My Sister's Nightmare

In 2006, my sister, who is now age 55, a college graduate and veteran, met a person (Samantha) online after the break-up of a 24-year relationship with her former partner. Within two months of knowing Samantha, they moved in together in Arkansas, along with Samantha’s mentally handicapped adopted son. Samantha is a psychiatric nurse who portrayed herself as a victim of abuse. It turns out Samantha is sociopath with an obsession of bringing babies into the home. My sister was financially secure, and Samantha was in the process of bankruptcy at the time my sister met her. My sister was the main provider during the first three years of the relationship and adopted two babies of her own during this time, investing over $200,000 in the relationship.
In February of 2009, my sister removed her children from Samantha’s care due to Samantha’s lack of care of the children and her obsession with obtaining more babies, and Samantha thereafter attempted suicide. Shortly thereafter, my sister was laid off from her employment and allowed Samantha to move back into the home. BIG MISTAKE! My sister then became the care provider for the children, while Samantha worked. My sister then filed bankruptcy and lost everything, including her home and vehicle. On Labor Day, 2009, my sister contacted me and advised that she wanted out of the relationship, but that Samantha would not let her take her children. I advised my sister to rent a car, take her children and get away. My sister said she would try to obtain employment and leave when the time was right.
For the next nine months I was not able to contact my sister and became concerned because I felt she was being isolated from our family to prevent her from leaving with her children. My sister finally contacted me the end of June of 2010 and stated she and Samantha and the children were now living in Texas and that she wasn’t to be having contact with family.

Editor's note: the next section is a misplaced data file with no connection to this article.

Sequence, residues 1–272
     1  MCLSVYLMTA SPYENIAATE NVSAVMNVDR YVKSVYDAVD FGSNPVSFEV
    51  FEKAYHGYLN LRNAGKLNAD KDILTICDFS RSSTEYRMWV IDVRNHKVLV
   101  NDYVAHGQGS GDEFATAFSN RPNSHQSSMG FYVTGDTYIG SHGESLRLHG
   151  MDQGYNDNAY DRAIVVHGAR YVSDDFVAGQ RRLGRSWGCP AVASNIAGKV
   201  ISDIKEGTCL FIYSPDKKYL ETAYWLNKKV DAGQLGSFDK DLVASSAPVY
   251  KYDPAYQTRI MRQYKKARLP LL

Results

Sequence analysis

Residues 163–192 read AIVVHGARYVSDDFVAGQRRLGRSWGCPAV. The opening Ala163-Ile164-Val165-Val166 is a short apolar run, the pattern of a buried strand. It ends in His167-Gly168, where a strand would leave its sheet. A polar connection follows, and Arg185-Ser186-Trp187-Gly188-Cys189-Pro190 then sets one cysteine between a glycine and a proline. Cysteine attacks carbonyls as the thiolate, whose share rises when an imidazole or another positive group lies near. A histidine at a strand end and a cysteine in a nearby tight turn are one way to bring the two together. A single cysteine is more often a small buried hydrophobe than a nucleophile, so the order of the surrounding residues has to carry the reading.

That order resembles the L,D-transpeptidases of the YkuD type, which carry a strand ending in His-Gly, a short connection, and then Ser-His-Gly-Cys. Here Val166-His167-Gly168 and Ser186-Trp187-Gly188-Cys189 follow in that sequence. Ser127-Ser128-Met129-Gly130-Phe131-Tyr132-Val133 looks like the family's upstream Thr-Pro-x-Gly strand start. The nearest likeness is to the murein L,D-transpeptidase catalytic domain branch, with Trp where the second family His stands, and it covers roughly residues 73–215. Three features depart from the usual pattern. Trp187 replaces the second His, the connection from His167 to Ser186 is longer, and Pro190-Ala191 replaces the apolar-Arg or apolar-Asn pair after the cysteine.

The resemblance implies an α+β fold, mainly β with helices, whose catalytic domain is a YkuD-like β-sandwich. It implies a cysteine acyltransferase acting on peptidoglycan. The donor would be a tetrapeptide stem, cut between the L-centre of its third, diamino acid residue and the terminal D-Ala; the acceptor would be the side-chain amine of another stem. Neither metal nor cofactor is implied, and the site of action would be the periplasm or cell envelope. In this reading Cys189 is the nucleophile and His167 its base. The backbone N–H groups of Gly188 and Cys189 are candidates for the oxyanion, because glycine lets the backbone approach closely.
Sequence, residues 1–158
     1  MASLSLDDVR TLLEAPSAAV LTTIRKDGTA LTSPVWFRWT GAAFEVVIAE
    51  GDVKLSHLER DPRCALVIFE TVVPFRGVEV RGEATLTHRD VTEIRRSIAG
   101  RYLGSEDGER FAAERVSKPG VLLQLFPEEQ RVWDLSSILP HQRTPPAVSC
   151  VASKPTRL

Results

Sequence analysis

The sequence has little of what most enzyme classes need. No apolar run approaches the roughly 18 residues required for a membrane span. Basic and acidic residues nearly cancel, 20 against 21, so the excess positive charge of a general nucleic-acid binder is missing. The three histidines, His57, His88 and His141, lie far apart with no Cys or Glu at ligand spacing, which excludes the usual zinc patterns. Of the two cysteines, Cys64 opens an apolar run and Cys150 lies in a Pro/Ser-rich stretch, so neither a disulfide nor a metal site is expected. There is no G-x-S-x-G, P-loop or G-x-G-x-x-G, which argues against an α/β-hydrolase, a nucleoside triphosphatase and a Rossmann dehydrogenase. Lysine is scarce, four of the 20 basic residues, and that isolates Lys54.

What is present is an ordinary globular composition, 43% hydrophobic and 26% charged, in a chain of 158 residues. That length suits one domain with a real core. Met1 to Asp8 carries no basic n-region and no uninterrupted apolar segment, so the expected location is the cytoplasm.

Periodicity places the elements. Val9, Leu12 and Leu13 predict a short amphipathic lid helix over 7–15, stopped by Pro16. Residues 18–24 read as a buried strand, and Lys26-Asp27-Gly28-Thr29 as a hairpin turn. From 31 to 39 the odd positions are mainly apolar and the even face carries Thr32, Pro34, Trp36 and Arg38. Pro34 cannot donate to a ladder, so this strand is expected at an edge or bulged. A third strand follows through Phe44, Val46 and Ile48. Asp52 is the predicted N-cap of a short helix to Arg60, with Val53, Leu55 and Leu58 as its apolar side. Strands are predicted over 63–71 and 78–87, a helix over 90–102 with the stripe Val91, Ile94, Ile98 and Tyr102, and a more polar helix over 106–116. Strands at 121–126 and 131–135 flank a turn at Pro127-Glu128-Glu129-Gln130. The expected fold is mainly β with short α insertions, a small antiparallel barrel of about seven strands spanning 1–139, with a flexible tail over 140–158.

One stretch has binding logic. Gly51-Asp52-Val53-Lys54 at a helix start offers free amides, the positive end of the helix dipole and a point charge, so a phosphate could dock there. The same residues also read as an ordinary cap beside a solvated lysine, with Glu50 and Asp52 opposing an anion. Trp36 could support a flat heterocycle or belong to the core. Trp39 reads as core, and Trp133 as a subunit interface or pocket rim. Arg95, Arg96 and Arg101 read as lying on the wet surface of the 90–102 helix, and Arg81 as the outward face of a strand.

In October of 2010, Samantha brought home a baby from one of her psychiatric patients. In November, 2010, Samantha left the home with my sister’s children and filed false allegations of domestic abuse (civil and criminal) against my sister, and my sister was removed from the home. [My sister is physically passive.] At that time my sister’s older son was three years and ten months old. For four or five days, my sister attempted to get her children back. Having no success, my sister signed documents giving Samantha sole conservatorship of her children in exchange for dropping the domestic abuse allegations and because Legal Aid was not available for seven weeks. [The sole conservatorship order was later overturned by the Appellate Court.] My sister then came to Iowa so my husband and I could assist her.
In May, 2011, my sister was served with petitions to terminate her parental rights to her sons. Within a few weeks thereafter she found out on Facebook that her younger son was terminally ill. My sister retained an attorney and visitation was arranged in June, but thereafter visitation was again denied and she had to have her attorney intervene. My sister’s younger son died October 3, 2011, and my sister was not allowed to attend his funeral visitation.
In November, 2011 (a year after her removal), my sister was advised that her son was now making outcries that she had molested him, threatened him with a knife to the throat, and that he was suicidal. CPS investigated, and any physical or sexual abuse by my sister was ruled out. [Note: Samantha is a certified hypnotherapist.] My sister continued with her monthly supervised visitations.
In February of 2012, Samantha then went to the District Attorney and presented the testimony of two witnesses (a day-care provider and her son’s therapist) to a grand jury. An indictment was brought against my sister but not filed with the court. However, Samantha filed pleadings to prevent my sister from having visitation.
My sister then had a polygraph examination and a sex offender risk assessment conducted, both with favorable results. This evidence was presented at a hearing held in Texas March and April of 2012, after which the judge restored my sister’s visitation. Within two weeks, Samantha left the jurisdiction and fled to Arizona with my sister’s child. My sister’s attorney withdrew in June, 2012, because my sister could no longer afford to pay for her services.
Samantha did not return to Texas for Court-ordered visitations after July, 2012, and, in November, 2012, Samantha filed a protective order in Arizona based on the same allegations that were presented at the hearing the prior spring. My sister could not afford to defend the action in Arizona, so a one-year protective order was entered.